Japanese course in Tokyo: blog entry #2

Hello world!

I am currently writing this entry while on a Shinkansen (Japanese Bullet Train), and boy has it been an adventure! I was waiting in line to get on, thinking that since someone was in front of me, there was a rule that you had to wait until they said it was okay to enter the train. Apparently he was just waiting for the next train. So, I missed my train by one second – literally! Fortunately, the staff at the station was very understanding and told me to go on the next one, which would arrive 6 minutes later. I’m now on that train, and it looks like I’m getting to my stop earlier than before! So I’m happy to say that I’m still looking forward to an awesome weekend with some friends that I made on my first trip to Japan.

I’ve been going every weekend to the Cat Café and let me tell you that it really makes the homesickness hit me less. It’s relaxing and enjoyable. I’ve also gotten really good at metal games. This is a big thing in Japan. You put a metal coin into a slot and aim it to get more coins out. Meanwhile you get chances to earn more metals and even a jackpot every now and then. My friend and I have won the Jackpot four times already. All the Japanese stare at us when we do because it’s weird to see a foreigner who actually knows how to play.

I’ve also had fun at the local Mai-Dreamin Maid Café. In case you don’t know what a Maid Café is, I’ll explain. It’s a restaurant-type place that has lots of cute food and all the workers (except those at the bar) are dressed up as lolita maids. Before you eat or drink anything, you “bless” it to make it yummy. It’s all very adorable. Usually the regulars are older Japanese men and the occasional foreigner – but they’ve come to recognize me as a regular too. It’s quite expensive, but lots of fun. It’s a great way to practise Japanese too!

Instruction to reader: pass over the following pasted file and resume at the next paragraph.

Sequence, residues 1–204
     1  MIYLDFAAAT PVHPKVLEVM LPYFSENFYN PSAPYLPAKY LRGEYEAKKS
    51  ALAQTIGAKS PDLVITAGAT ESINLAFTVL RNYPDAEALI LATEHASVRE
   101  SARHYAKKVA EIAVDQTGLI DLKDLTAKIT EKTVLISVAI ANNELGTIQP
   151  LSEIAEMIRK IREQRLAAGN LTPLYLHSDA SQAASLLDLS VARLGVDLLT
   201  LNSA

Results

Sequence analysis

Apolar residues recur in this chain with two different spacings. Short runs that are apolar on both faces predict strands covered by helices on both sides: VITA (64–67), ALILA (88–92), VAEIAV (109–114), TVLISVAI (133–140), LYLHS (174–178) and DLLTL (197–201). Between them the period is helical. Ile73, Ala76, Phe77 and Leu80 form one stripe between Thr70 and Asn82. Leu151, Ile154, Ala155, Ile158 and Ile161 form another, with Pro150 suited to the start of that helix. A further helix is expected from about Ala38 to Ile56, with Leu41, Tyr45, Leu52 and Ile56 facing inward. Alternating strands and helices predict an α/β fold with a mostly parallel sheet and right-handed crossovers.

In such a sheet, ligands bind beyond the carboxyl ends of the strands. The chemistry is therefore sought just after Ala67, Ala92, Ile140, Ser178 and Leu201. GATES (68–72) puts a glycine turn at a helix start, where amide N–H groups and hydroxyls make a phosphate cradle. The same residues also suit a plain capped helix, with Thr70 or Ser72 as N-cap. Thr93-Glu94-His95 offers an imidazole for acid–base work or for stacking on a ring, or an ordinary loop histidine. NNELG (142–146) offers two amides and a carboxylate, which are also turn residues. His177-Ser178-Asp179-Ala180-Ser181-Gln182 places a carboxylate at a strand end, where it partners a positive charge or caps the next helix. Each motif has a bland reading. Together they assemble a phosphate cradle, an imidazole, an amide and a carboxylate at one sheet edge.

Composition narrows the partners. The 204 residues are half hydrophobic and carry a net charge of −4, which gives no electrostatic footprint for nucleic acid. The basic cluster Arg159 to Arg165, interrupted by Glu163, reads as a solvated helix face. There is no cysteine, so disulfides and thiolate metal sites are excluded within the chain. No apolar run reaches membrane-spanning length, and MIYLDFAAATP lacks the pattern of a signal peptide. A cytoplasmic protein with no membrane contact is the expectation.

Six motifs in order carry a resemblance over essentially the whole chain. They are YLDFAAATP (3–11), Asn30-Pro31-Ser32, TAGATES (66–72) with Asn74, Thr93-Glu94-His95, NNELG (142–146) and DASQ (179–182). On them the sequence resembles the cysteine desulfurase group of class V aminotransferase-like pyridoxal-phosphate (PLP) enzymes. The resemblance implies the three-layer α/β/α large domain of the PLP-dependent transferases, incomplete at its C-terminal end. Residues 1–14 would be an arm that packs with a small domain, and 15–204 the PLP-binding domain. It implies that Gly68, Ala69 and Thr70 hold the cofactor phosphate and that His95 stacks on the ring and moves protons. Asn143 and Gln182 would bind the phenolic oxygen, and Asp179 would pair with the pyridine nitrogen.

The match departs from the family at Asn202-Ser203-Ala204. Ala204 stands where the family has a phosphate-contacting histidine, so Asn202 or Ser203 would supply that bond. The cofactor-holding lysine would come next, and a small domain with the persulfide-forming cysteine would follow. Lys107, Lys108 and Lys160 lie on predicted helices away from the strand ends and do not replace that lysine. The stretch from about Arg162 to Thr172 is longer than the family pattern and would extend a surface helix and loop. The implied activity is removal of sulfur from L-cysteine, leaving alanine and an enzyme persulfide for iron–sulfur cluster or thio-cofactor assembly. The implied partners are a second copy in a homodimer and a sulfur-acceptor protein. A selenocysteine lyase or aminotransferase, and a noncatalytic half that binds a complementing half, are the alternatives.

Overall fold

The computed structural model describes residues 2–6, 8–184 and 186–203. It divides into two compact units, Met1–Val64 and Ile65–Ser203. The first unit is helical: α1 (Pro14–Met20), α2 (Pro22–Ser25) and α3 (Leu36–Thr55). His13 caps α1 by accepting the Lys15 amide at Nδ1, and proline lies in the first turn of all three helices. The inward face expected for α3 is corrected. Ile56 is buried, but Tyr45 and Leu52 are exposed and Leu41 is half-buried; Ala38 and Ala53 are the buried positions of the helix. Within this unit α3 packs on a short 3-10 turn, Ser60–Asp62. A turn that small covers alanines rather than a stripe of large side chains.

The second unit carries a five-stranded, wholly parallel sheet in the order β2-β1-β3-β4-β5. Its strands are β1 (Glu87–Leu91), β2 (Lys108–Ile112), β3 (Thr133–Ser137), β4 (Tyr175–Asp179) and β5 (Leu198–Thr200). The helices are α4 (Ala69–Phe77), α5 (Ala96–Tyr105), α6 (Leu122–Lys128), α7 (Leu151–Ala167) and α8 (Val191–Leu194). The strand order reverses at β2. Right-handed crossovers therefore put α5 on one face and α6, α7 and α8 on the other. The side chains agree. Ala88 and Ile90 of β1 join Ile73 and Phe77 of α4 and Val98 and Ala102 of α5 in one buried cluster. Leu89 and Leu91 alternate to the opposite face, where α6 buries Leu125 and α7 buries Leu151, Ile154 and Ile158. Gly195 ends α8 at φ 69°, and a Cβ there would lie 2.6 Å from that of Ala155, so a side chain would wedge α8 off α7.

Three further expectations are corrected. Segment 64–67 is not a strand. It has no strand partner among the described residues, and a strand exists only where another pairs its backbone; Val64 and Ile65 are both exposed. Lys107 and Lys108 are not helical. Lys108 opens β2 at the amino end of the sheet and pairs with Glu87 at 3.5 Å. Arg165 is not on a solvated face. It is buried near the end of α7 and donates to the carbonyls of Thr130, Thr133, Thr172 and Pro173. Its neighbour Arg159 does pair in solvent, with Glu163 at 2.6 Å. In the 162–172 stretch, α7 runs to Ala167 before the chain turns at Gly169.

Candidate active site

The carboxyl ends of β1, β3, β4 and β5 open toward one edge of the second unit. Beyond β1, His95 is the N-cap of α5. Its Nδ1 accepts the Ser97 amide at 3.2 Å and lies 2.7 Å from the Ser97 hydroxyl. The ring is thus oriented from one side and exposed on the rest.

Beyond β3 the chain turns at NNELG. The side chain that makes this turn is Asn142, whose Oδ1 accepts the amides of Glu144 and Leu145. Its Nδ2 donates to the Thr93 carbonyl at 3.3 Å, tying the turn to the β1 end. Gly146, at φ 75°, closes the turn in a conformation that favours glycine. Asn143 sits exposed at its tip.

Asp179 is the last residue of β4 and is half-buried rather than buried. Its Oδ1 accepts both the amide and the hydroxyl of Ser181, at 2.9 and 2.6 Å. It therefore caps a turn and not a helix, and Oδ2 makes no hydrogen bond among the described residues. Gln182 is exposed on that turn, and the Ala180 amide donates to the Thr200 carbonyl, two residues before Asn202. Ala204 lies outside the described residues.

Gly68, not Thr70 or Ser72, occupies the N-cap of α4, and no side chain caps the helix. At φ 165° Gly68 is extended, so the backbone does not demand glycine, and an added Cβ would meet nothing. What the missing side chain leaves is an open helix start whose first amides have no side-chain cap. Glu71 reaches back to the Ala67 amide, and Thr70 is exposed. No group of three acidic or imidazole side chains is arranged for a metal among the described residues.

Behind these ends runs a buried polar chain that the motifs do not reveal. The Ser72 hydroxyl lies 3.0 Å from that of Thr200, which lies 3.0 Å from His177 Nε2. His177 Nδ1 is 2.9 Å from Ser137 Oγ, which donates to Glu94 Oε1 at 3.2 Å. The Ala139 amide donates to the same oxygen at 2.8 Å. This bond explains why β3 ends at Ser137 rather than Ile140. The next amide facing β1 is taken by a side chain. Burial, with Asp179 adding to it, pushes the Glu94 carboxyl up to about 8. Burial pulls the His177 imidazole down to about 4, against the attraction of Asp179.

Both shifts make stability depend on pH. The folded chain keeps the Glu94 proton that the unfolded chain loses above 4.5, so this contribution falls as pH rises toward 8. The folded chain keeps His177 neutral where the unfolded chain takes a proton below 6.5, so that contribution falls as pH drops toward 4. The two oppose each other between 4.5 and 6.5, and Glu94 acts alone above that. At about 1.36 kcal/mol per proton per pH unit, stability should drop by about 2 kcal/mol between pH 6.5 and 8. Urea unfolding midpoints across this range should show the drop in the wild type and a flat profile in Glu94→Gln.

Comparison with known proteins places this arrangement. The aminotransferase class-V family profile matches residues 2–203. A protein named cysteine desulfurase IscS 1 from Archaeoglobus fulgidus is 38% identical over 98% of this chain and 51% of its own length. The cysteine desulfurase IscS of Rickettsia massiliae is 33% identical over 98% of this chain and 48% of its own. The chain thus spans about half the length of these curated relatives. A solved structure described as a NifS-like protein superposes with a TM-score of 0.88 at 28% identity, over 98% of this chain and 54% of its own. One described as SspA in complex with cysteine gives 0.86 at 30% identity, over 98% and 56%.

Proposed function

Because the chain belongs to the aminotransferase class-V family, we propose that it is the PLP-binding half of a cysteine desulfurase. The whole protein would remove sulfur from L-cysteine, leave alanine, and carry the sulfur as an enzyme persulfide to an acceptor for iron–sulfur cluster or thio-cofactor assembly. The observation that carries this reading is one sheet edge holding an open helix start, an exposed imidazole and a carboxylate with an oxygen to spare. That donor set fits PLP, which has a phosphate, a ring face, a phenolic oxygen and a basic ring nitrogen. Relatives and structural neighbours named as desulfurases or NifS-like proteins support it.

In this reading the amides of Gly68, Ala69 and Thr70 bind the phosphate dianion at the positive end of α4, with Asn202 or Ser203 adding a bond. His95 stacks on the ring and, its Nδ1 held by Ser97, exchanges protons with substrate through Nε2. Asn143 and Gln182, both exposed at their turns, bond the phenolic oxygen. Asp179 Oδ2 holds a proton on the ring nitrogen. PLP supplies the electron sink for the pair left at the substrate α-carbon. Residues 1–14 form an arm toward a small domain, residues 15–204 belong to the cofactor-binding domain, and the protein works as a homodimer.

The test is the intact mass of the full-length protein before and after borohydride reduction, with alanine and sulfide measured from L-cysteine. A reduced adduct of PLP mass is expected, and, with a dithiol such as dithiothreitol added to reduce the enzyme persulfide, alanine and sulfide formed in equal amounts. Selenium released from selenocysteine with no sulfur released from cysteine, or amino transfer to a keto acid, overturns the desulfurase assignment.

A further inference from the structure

In class, I’ve learned a lot. I now know how to speak informally with friends. When I came I could only speak very formally, so it’s useful. I can’t wait to show my friends what I’ve learned. I also have learned around 130-140 kanji, although I’m not perfect at all of them.

Today I say good-bye to one of my good friends, Jose. He’s from Spain. On Thursday we had a final going away party (although there were many before this). Our teachers even joined us! Can you imagine having beers with a professor? In America that’s kind of taboo, but apparently here it’s okay. It was really fun, and also helped a lot with my speaking. It was almost like I got free one-on-one time with my teachers. I could ask them questions if I didn’t know a word and got to know them a little better.

Anyway, Happy (belated) Thanksgiving!!

Dana is studying Japanese in Tokyo with Cactus. Cactus offers language courses in over 30 languages, in 60 countries and 500 destinations worldwide.

Dana wrote about her initial impressions of Tokyo when she first arrived, and we will be posting another blog entry by Dana at the end of her course. For anyone thinking about taking a language course abroad, this offers a unique insight into life in a foreign country, including the fears and excitement that come with a long-term course. Thank you to Dana for contributing to our website!

Image: The image at the top of this page is of a polaroid that Dana was given at the Maid Café, with Dana on the left and one of the bartenders (who likes to be called “Hisama”) on the right.

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